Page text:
“I’ve been able to improve my entrepreneurial skills and develop a ‘green’ business idea which has gone through to the final round of an EU Project award, where I will have to pitch to investors.”
I used to be a professional swimmer, so I’ve been accustomed to challenging and hardworking environments from a young age. While I participated in a number of major athletic events during my career, the highlight was participating in the London 2012 Olympic Games, which is something I’d dreamed of doing since childhood. Another long-held dream of mine was to contribute to a sustainable future, and that is why I decided to pursue a PhD in energy after graduating from my BSc and MEng in Mechanical Engineering in Greece.
My PhD project, which has been conducted in collaboration with Thermitech Solutions Ltd, aims to help eliminate the environmental pollution which results from putting waste plastics in landfill, and to recover the energy from waste plastics, thereby reducing the world’s dependence on fossil fuels. To achieve this, we are developing a pyrolysis plant to convert waste plastics into high quality oils. The oils can then be used as fuel in Internal Combustion engines for electricity generation.
When I started my PhD journey I couldn’t imagine what an exciting and challenging experience it would be. I initially thought that it just involved focusing on your project but have found that there are lots of other opportunities too. I’ve been lucky enough to be supervised by Professor Sai Gu, who has trusted me and given me the opportunity to invest my energy and passion in different projects.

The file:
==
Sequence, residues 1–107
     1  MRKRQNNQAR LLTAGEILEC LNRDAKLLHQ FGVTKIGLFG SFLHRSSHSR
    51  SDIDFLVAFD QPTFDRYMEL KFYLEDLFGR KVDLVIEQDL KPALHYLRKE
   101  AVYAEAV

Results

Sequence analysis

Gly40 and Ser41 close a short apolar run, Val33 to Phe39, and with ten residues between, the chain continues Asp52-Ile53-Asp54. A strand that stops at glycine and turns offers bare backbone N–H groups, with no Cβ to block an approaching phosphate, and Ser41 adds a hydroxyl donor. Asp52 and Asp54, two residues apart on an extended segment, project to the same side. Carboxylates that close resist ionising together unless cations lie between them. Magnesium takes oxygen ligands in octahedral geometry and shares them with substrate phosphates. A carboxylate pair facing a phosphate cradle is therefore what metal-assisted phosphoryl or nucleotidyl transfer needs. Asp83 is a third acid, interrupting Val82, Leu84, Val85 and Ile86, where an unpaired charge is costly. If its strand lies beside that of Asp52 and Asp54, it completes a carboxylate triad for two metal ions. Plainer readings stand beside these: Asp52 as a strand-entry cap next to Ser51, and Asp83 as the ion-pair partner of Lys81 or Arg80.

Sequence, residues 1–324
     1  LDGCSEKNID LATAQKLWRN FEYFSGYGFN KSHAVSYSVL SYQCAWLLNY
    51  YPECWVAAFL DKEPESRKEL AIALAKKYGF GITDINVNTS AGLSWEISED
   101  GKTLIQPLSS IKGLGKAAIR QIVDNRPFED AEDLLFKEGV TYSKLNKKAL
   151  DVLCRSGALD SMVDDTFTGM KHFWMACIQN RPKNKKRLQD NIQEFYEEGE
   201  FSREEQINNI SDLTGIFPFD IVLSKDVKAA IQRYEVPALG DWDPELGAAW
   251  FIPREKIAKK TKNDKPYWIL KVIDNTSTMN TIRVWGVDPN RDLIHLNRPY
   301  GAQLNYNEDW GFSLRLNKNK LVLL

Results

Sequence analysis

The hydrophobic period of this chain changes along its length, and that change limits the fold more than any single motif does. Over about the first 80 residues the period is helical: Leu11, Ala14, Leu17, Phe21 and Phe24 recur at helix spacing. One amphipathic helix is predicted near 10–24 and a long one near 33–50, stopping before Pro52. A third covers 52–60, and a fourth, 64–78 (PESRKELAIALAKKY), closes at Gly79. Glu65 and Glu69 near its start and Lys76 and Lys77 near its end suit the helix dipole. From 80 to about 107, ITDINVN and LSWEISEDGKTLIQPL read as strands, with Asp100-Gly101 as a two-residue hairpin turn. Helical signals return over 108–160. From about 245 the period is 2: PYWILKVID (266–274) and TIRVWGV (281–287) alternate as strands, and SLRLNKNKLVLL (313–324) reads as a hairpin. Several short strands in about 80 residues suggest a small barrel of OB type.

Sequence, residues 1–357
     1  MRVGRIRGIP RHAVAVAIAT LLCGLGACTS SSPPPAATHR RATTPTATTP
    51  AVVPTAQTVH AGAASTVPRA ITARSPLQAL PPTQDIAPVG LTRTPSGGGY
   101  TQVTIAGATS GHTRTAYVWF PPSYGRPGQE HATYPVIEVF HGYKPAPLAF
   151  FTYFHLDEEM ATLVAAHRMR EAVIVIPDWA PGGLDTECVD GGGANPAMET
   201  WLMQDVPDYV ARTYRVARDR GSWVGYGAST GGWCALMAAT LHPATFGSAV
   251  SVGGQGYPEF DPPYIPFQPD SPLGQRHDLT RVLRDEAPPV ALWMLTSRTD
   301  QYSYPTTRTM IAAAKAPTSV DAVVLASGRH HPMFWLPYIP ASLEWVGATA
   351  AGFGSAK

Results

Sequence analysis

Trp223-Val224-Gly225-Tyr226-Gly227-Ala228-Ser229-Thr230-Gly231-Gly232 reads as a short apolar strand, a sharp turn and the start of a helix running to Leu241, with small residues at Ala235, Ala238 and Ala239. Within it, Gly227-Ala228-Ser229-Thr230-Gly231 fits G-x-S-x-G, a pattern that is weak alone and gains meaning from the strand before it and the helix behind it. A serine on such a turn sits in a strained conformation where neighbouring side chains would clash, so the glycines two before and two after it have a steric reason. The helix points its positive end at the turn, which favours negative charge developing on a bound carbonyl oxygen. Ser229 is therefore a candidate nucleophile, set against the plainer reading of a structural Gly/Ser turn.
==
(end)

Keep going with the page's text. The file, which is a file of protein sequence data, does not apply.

Specifically, I’ve managed two Low Carbon KEEP projects, and provided academic support and advice for two KTP projects. I’ve also had the opportunity to engage with companies and discuss possible collaborations with the Department of Chemical and Process Engineering. In addition, I’ve been able to improve my entrepreneurial skills and develop a ‘green’ business idea which has gone through to the final round of an EU Project award, where I will have to pitch to investors.
I’m not sure exactly what I want to do when I finish my postgraduate studies, but I’ll definitely be looking for a challenging role, probably within industry, where I can apply my knowledge and skills.
Before I came here, friends who had already studied at Surrey told me how much they enjoyed it and, having now spent nearly two years at the University, I can confirm that it’s an amazing experience. I’d definitely recommend Surrey to anyone thinking about doing a PhD.
Professor Sai Gu
Head of the Department of Chemical and Process Engineering Professor of Chemical Engineering